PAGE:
August 20, 2017
3:00 pm - 5:00 pm
Central Wyoming Fairgrounds, Outdoor Arena
and Sunday 10am-4pm
Saddle Bronc Riding
Saddle bronc riding is one of the most traditional of all rodeo events. One of the main duties on a working ranch is breaking new horses to ride, and this can be a challenge for wild, spooky animals. Saddle bronc riding is not far removed from these working roots and pairs a brave cowboy against a furiously bucking horse. The cowboy holds on as the horse bucks, spins and jumps for a furtive 8 seconds. Two different judges score every horse and rider and award a maximum of 25 points to each, for a possible perfect score of 100.A perfect score is almost unheard of in this volatile sport, although scores in the mid to upper 90s have been recorded on multiple occasions.
Bareback riding has the same roots as saddle bronc riding, but isn’t quite the same. In this event, cowboys cling to the back of a bucking horse with only his legs and a lead rope attached to the horse’s halter. As the horse bucks and jumps, the cowboy pulls on the rope to steady himself and prevent an unwanted dismount. Spurring action is a vital part of the score, and each cowboy must move his feet back over the horse’s shoulders in order to receive a good score. The cowboy must be careful not to slap the horse with his free hand or he will be disqualified. Rough stock horses compete in both bareback and saddle bronc events, although some animals may buck better in one particular event.
Bull riding has been called the most extreme sports event in the world, and it more than earns this honor. Bull riding is one of the few rodeo events that has no strong background in ranch work. It began when bored cowboys with a little free time on their hands would hop aboard the biggest bull in the pen and see how long they could hold on. People would gather around the pen and see which cowboy could hold on the longest. Creative cowboys discovered that a piece of rope wrapped around the bull’s chest have them more stability and began crafting their own bull ropes specifically for these contests. As the sport grew in popularity, rules were put in place to not only see how long each cowboy could hold on, but to judge his overall riding skill.Modern bull riding events are very similar to those historical contests, with each cowboy still perched atop a bucking bull with only a piece of rope. However, modern innovations have made the sport much safer. Many cowboys now wear vests to protect their internal organs from a flying hoof or an errant horn in the event of an ugly dismount. Some cowboys also wear protective mouth guards and helmets to avoid life-threatening facial and head injuries.Barrel racing is a timed rodeo event, where the fastest time is what matters most. Cowgirls compete in the arena against each other and the clock.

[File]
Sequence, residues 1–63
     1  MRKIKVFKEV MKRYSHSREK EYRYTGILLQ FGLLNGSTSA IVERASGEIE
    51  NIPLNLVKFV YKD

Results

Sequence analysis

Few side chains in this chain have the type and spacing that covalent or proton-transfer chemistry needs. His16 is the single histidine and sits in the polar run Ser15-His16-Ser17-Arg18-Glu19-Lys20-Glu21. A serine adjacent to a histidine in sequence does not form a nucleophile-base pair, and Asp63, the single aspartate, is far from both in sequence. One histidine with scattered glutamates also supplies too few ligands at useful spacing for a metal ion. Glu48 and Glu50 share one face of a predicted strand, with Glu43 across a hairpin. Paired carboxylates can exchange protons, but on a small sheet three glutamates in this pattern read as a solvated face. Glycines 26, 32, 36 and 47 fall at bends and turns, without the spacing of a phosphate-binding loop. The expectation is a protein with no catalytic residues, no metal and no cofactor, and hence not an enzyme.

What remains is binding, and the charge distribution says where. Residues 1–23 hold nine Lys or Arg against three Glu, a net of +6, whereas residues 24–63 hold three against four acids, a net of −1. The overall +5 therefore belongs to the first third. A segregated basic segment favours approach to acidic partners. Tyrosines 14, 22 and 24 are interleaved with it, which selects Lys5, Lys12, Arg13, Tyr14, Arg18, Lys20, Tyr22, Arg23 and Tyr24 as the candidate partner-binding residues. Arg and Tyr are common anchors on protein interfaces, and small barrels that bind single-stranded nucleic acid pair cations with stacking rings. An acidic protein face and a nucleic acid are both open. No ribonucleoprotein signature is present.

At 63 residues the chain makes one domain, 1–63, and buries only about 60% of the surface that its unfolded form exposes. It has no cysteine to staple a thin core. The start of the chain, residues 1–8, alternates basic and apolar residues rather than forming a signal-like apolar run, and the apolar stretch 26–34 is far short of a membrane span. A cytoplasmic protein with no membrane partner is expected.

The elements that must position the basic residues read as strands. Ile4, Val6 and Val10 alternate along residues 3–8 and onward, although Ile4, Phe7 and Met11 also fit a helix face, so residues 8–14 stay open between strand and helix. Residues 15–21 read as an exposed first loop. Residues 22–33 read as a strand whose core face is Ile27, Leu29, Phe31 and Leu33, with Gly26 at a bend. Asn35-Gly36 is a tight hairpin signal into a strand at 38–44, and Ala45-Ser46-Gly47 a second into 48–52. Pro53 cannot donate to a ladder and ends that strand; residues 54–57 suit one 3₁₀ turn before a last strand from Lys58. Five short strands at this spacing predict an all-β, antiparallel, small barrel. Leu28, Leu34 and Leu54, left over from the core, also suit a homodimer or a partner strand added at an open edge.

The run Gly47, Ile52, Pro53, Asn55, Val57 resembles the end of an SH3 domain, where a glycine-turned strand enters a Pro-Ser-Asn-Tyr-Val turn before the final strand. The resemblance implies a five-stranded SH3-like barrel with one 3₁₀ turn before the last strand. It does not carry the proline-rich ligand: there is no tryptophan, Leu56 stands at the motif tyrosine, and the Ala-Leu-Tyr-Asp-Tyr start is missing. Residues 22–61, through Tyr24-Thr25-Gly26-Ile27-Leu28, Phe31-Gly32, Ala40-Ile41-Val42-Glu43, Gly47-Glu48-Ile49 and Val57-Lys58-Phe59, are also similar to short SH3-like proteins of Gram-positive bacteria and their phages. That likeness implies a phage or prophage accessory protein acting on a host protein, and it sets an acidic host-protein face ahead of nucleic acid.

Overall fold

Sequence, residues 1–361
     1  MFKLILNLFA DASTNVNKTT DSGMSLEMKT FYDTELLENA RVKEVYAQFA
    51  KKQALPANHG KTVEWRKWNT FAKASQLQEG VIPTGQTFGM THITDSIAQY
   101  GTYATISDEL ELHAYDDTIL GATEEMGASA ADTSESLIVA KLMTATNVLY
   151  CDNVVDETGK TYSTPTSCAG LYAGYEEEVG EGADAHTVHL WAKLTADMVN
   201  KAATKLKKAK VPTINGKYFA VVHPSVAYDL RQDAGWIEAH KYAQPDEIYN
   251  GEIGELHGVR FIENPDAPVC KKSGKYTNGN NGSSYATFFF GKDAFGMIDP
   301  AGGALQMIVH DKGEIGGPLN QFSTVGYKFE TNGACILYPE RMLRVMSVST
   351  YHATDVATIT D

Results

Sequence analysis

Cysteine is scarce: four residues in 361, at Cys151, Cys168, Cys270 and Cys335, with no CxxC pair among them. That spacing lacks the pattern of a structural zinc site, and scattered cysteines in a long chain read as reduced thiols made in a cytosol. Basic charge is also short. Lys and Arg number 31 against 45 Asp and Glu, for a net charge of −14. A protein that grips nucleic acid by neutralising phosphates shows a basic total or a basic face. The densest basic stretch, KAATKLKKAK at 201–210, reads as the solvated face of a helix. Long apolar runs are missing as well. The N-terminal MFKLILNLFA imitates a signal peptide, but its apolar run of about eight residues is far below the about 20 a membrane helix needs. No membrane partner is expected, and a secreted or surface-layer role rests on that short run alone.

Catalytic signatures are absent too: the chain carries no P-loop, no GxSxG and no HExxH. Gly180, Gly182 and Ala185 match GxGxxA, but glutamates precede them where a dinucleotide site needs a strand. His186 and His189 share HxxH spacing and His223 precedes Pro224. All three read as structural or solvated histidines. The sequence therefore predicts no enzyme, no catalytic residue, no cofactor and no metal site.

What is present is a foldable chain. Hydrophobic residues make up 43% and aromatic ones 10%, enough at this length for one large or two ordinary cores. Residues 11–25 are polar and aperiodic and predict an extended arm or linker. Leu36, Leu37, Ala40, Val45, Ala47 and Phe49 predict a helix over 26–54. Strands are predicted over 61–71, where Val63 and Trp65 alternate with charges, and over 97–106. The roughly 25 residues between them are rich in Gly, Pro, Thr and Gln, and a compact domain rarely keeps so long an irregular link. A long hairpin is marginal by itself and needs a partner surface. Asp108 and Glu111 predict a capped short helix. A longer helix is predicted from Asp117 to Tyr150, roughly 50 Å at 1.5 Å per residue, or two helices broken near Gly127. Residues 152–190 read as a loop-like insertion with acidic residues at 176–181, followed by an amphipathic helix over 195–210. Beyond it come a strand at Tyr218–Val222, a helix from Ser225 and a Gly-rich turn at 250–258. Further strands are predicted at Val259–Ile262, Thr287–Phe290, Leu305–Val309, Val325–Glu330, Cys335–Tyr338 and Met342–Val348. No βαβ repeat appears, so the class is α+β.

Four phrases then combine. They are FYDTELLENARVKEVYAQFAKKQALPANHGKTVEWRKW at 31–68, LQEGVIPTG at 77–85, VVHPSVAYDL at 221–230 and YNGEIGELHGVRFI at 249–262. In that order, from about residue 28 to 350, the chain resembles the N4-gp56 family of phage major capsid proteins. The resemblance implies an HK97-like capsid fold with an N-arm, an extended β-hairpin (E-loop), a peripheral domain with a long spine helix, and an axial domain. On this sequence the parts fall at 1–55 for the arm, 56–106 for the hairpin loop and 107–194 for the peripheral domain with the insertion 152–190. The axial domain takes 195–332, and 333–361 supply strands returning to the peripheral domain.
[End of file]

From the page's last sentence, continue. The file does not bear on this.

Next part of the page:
Barrel racing is about cooperation between horse and rider. Because of the competition and money involved, finding a good horse is very important to the competitors. A top of the line barrel horse can cost up to $50,000.
For the barrel racing event, the arena is cleared and three barrels are set up at different marked locations.The riders then enter the arena at full speed, quickly rounding each barrel in a cloverleaf pattern and then exiting where they entered. A stopwatch or timer is used registering down to a hundredth of a second.
Speed is what it is all about in this event. The riders steer their horses as close as they can to the barrels trying to shave precious seconds off the clock. For each barrel they knock over (which happens sometimes) a 5-second penalty is assessed to their total time. Leaving the barrels standing and ripping through the course is every barrel racers goal.
13 to 14 seconds is generally a winning time in this event, but this will vary according to the size of the arena, as all rodeo arenas are not created equal.
Onlinebookings are closed for this event. Tickets are still available but must be purchased by calling 235-5775 or stopping by the box office at the Fairgrounds.